With proper installation and bedding, the R4-S is dead silent. Again, this is pretty much the ultimate street pad. If you toast the pads by exceeding their temperature thresholds a time or two, you might get a little bit of a squeal. But under any other circumstances, these things are super quiet.
If you even consider using the R-4 pads on the street, get some earplugs.
The number one reason I found why the R-4 pads to be incapable of using on the street is because of the horrendous brake squeal. Unless these pads are hot, the brakes will emit the most awful, high-pitched squealing noise ever when coming to a stop. I was fully expecting a priest to walk up to me at red lights to ask if my car needed an exorcism. It was unbearable, and even more embarrassing than the brake dust. There was usually no squeal when braking on track, but it was unavoidable on the street.
I honestly didn't pay too much attention to rotor wear. You're going to see more wear with the R-4 pads than the R4-S, but I didn't notice any unusual or concerning wear with either pad. If you're only using the R-4 pads during occasional track days, the pads will be rotor friendly enough that you shouldn't need to worry about extra wear.
Summary of Thoughts
The pads performed in line with my expectations. The R4-S is a street pad and does that very well. The R-4 is a track pad and does that very well. Each has its intended use, but can be used in limited capacity for the other's use. The R-4 pad was the real subject of this comparison. The R4-S has been my favorite street pad for a couple years now, and it made the perfect basis for comparison.
Predictions and Observations
I listed out some predictions in Part 1, and I was right about each of them (they were pretty standard assumptions for brake pads). The extent of each, though, is what I found interesting. The R-4 is better than I expected at cold braking. This is a huge concern for using track pads on the street due to the safety risks involved, so it's definitely worth noting. The main benefit of this is that the pads can be installed at home, then driven to the track. So you don't have to worry about bringing the tools to change them to the track. The other thing worth mentioning is that the noise is a dealbreaker for regular use of the R-4 pads on the street. It's just too much, too loud, and too often.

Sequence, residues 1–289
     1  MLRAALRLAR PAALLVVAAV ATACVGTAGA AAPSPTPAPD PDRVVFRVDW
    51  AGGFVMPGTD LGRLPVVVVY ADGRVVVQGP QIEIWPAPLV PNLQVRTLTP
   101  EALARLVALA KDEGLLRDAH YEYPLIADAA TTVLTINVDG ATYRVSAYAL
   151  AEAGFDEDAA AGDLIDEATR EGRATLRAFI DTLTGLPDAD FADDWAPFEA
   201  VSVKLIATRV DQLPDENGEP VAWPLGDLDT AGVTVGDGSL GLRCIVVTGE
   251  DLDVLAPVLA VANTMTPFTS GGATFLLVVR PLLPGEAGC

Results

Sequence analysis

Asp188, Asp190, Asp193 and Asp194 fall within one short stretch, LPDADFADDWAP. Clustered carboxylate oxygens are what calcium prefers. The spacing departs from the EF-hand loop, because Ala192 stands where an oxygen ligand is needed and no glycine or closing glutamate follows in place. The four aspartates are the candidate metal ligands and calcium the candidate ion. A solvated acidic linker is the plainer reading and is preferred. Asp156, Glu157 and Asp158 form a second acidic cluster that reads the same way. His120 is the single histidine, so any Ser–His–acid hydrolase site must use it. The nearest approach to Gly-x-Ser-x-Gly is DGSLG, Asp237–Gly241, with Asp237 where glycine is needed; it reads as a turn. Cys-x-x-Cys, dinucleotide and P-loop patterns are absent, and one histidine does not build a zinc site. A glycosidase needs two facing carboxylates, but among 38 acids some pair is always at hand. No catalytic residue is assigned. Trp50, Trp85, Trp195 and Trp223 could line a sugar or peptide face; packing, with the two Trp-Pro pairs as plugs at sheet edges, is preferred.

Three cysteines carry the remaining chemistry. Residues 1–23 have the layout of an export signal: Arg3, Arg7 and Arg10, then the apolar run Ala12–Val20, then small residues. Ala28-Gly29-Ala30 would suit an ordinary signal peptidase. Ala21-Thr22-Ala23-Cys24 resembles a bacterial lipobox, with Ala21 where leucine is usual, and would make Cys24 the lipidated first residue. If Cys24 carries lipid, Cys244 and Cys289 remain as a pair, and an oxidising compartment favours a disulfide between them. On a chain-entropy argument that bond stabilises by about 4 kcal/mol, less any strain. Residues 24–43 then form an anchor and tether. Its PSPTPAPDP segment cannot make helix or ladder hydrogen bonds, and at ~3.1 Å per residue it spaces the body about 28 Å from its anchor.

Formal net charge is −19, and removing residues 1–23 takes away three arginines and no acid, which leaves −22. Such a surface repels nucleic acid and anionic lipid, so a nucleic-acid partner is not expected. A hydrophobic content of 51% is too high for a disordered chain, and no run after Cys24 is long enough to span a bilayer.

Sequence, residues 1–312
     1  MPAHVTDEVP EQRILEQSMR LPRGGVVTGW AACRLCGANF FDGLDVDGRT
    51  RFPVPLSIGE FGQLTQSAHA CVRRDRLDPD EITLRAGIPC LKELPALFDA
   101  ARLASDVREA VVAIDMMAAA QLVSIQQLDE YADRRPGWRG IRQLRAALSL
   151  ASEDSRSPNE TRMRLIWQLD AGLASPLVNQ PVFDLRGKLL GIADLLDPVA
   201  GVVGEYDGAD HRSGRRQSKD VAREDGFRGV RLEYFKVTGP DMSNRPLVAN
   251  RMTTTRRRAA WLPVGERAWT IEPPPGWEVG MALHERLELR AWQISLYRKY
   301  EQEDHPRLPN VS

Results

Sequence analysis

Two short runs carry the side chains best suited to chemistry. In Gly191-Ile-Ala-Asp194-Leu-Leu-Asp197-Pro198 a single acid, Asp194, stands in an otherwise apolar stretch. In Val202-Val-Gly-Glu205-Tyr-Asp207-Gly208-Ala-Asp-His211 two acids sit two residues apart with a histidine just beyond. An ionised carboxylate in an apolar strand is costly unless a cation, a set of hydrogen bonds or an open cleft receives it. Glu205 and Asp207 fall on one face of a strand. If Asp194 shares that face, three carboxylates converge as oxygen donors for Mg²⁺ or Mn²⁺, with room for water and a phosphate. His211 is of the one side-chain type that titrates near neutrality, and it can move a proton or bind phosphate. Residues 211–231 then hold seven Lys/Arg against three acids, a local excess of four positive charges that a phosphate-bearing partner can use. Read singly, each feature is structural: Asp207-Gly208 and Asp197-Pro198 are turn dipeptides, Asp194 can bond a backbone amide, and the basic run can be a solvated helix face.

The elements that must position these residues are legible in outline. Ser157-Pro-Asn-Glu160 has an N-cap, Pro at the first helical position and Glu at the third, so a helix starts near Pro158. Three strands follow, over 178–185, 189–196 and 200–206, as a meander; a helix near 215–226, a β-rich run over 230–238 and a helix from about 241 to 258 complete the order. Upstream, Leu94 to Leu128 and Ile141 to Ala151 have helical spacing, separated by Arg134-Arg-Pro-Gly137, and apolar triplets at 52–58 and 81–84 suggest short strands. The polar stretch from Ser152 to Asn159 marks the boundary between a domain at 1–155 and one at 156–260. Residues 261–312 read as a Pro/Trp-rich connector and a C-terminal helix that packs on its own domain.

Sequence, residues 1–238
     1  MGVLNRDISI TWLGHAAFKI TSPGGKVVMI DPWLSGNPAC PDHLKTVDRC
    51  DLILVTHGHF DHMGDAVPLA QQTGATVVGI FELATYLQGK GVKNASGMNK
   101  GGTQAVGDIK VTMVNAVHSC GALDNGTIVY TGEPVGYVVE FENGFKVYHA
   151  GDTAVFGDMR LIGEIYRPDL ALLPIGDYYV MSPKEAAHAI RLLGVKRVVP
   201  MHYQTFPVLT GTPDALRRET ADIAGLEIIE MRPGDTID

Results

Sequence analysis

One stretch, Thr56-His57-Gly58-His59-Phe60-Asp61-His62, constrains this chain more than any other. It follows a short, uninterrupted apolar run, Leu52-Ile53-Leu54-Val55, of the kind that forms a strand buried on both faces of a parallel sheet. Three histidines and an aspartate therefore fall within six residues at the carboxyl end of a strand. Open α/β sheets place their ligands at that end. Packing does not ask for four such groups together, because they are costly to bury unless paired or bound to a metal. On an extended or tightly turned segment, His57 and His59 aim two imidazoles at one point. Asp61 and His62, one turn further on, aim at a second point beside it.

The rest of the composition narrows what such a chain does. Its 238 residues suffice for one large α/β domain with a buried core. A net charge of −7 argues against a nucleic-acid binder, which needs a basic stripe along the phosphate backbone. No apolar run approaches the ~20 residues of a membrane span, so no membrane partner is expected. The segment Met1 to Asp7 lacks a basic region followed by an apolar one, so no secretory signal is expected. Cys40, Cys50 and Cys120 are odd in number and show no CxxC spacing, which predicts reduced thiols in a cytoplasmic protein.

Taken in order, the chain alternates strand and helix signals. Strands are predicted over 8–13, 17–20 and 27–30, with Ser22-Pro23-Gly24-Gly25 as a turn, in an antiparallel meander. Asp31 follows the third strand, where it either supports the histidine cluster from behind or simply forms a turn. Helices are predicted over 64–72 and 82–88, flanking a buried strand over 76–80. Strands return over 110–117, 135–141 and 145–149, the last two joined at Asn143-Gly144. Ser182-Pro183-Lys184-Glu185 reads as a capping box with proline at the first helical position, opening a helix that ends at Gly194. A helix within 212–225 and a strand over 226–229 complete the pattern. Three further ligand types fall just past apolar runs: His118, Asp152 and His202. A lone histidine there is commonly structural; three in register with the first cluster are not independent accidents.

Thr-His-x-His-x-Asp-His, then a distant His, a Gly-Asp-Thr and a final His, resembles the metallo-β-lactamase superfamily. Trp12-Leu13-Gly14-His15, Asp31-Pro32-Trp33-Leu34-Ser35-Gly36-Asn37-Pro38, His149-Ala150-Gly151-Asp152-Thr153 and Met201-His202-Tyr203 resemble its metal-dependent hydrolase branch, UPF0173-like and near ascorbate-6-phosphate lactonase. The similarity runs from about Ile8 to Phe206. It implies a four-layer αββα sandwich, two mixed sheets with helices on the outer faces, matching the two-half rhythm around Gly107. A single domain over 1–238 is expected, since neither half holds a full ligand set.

This has been a comparison, not a competition. There's no "winner" or "best pad" here, because it's comparing apples to oranges. The comparison is still valid, though, because some people want apples and some people want oranges, while others might need pears. I like to test out a wide variety of things to give a better understanding of each, not to say which is best. By comparing the R-4 track pad to the R4-S street pad, it helps give a better understanding of how different a track pad is to a street pad.
The Porterfield R4-S is a fantastic street pad. For my taste, I'd like a little more initial bite (this is me being pretty particular, though, because I'm an aggressive driver). Even so, it's my favorite street pad. If you don't usually hit speeds over 100 MPH, this is the pad to get.
The Porterfield R-4 is an eyeball-popping track pad. These things are beautiful on the track, but serious care needs to be taken if you use them on the street. Yes, they create a ton of dust, but more concerning is that the noise makes them unusable for street driving. They are capable enough at cold temperatures to drive on the street to-and-from the track, just be ready for some seriously unpleasant brake squeal.
If you want the best of both worlds, get both worlds. Changing out the brake pads isn't very difficult, so you can run around the streets on R4-S pads, then swap over to the R-4 pads for track days and return to R4-S pads afterwards. There's a risk you might get some brake squeal due to the R-4 material transferring to the rotor, but this is an easy way to get both dust-free street driving and hard-braking track driving.
But the comparison isn't quite over yet.
Next year I'll be hitting the track again, reusing my R-4 pads. But to make them more bearable when driving on the street, I'll be chamfering the pad material. An angled edge helps reduce brake squeal and chatter, so it might be enough to make the R-4 pad a slightly better all-around pad. (Of course, this won't do anything for cold performance, so keep that in mind!)
I've also been driving around on the Hawk HPS 5.0, which is a newer pad that bridges the gap between the R4-S and R-4 pads. Whether or not it can handle track duty will be seen next year, but so far they've done quite well on the street. The holy grail for me is finding a pad that can handle both street and track. I'll be adding the HPS 5.0 to the mix in an upcoming blog post discussing balancing brake pad requirements.